Posts Tagged ‘Ernest Hilbert’

A Christmas Sonnet (For One In Doubt)

Thursday, December 22nd, 2016
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We have poet Ernest Hilbert to thank for drawing our attention to this seasonal poem, “A Christmas Sonnet (For One in Doubt)”  by Edwin Arlington Robinson (1869–1935), one of America’s greatest poets. Today is his birthday.

“Edwin Arlington Robinson is poetry. I can think of no other living writer who has so consistently dedicated his life to his work,” according to Amy Lowell. In 1928, Robinson published Sonnets, 1889-1927. This is the last sonnet he ever wrote (see Patrick Kurp‘s Anecdotal Evidence here for a lovely mini-essay on it):

While you that in your sorrow disavow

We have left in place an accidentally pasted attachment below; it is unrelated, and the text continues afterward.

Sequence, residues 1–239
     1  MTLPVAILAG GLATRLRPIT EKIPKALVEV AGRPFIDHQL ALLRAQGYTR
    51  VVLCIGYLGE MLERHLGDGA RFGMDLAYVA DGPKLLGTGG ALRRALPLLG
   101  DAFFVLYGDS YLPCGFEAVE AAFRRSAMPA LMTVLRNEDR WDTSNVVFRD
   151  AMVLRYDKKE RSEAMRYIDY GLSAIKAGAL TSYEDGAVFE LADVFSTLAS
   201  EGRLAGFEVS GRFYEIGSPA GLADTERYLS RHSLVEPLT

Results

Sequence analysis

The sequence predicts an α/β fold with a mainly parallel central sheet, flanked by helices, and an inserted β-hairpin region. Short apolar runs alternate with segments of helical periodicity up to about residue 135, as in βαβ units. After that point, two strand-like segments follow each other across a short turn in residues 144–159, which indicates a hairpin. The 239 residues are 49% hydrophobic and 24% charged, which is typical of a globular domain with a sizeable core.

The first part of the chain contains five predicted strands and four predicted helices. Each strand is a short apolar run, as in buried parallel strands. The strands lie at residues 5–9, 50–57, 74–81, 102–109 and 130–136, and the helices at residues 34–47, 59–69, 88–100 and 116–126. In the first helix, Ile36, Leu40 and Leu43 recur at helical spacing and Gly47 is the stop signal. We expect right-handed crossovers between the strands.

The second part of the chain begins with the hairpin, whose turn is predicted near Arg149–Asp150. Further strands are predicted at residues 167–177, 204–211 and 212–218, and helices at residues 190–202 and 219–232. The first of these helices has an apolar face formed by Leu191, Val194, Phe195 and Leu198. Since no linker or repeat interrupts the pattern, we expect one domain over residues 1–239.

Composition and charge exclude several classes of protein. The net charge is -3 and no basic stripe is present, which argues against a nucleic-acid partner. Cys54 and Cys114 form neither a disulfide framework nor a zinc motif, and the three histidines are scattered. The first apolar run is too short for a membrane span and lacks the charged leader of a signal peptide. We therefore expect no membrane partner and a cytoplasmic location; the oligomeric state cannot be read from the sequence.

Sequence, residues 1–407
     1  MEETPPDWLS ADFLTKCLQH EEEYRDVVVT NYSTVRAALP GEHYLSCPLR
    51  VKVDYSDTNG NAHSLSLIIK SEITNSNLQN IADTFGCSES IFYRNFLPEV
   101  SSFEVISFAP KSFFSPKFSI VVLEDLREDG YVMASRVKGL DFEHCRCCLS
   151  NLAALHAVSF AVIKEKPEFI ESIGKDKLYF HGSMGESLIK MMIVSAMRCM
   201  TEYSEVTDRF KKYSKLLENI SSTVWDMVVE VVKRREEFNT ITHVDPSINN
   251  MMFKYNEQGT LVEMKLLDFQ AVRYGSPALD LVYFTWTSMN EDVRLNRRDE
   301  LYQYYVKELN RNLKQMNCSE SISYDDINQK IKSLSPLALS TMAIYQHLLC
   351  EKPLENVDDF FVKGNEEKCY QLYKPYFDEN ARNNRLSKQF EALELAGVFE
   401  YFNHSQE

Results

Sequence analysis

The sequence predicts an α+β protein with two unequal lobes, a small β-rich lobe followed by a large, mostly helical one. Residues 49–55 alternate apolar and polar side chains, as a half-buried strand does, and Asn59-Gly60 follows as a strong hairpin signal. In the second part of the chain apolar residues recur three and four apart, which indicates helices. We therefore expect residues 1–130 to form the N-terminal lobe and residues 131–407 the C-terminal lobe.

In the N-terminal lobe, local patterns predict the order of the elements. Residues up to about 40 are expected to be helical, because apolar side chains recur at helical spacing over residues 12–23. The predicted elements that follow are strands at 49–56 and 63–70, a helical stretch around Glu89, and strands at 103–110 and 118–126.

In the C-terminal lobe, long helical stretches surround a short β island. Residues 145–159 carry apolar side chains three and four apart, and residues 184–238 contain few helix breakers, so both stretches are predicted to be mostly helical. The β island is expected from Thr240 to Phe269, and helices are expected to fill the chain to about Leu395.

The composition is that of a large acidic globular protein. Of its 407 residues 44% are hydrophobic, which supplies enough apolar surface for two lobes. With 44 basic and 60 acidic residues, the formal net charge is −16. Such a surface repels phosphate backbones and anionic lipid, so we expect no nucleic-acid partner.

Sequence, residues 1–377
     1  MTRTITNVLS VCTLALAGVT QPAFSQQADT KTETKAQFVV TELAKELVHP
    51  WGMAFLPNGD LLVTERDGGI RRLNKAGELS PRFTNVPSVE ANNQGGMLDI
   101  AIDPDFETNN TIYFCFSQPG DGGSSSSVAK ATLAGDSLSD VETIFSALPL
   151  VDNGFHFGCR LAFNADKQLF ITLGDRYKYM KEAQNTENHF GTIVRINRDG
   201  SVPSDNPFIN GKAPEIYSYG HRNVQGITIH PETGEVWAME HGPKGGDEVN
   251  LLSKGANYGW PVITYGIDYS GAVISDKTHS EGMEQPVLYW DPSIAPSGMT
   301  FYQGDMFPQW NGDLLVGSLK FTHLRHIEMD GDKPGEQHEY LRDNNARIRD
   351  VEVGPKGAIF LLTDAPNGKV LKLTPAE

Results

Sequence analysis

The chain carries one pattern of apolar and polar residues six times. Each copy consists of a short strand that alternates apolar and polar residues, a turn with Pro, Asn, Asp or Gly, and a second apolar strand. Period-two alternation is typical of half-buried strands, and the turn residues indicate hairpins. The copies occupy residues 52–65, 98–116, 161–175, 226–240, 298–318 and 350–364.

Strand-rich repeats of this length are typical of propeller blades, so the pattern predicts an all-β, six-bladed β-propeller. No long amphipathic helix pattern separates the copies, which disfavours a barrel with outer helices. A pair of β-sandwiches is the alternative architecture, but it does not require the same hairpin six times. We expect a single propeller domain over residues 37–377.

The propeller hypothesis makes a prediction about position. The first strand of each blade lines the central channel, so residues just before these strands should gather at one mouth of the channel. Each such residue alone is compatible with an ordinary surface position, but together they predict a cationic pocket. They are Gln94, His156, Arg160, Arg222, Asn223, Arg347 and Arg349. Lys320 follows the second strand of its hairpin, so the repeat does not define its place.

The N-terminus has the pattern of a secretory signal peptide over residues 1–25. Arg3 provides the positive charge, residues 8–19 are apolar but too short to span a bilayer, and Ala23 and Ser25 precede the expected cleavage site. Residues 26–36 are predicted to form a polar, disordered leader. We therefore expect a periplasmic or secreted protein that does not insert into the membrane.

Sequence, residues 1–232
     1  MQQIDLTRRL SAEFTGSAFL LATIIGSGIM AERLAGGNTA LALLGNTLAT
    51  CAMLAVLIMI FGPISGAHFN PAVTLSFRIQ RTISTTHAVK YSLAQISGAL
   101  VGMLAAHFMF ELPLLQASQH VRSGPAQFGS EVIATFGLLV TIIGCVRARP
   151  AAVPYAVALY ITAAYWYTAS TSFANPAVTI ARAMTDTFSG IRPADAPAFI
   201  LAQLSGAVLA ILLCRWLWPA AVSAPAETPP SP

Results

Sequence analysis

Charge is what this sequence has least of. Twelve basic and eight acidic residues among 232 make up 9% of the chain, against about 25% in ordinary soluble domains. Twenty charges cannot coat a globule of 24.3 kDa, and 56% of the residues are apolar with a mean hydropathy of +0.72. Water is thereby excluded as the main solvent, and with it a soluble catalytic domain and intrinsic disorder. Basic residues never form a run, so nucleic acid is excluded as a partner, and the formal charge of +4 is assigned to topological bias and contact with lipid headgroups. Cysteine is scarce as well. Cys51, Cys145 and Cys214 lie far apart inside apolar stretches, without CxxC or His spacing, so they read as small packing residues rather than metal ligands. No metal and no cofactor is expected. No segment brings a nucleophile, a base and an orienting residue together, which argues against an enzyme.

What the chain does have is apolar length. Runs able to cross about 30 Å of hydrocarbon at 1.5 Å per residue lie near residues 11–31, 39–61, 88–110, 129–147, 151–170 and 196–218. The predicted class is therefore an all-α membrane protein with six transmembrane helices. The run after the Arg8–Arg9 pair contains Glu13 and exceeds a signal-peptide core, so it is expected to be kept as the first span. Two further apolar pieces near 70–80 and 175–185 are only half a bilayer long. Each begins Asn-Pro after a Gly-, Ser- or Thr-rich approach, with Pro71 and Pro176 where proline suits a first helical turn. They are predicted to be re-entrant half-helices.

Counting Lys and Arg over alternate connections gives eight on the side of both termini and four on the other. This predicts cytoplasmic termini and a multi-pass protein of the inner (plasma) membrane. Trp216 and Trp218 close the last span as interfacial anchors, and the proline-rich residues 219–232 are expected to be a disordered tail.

Service and hope, see love and brotherhood
Far off as ever, it will do no good
For you to wear his thorns upon your brow
For doubt of him. And should you question how
To serve him best, he might say, if he could,
“Whether or not the cross was made of wood
Whereon you nailed me, is no matter now.”

Though other saviors have in older lore
A Legend, and for older gods have died—
Though death may wear the crown it always wore
And ignorance be still the sword of pride—
Something is here that was not here before,
And strangely has not yet been crucified.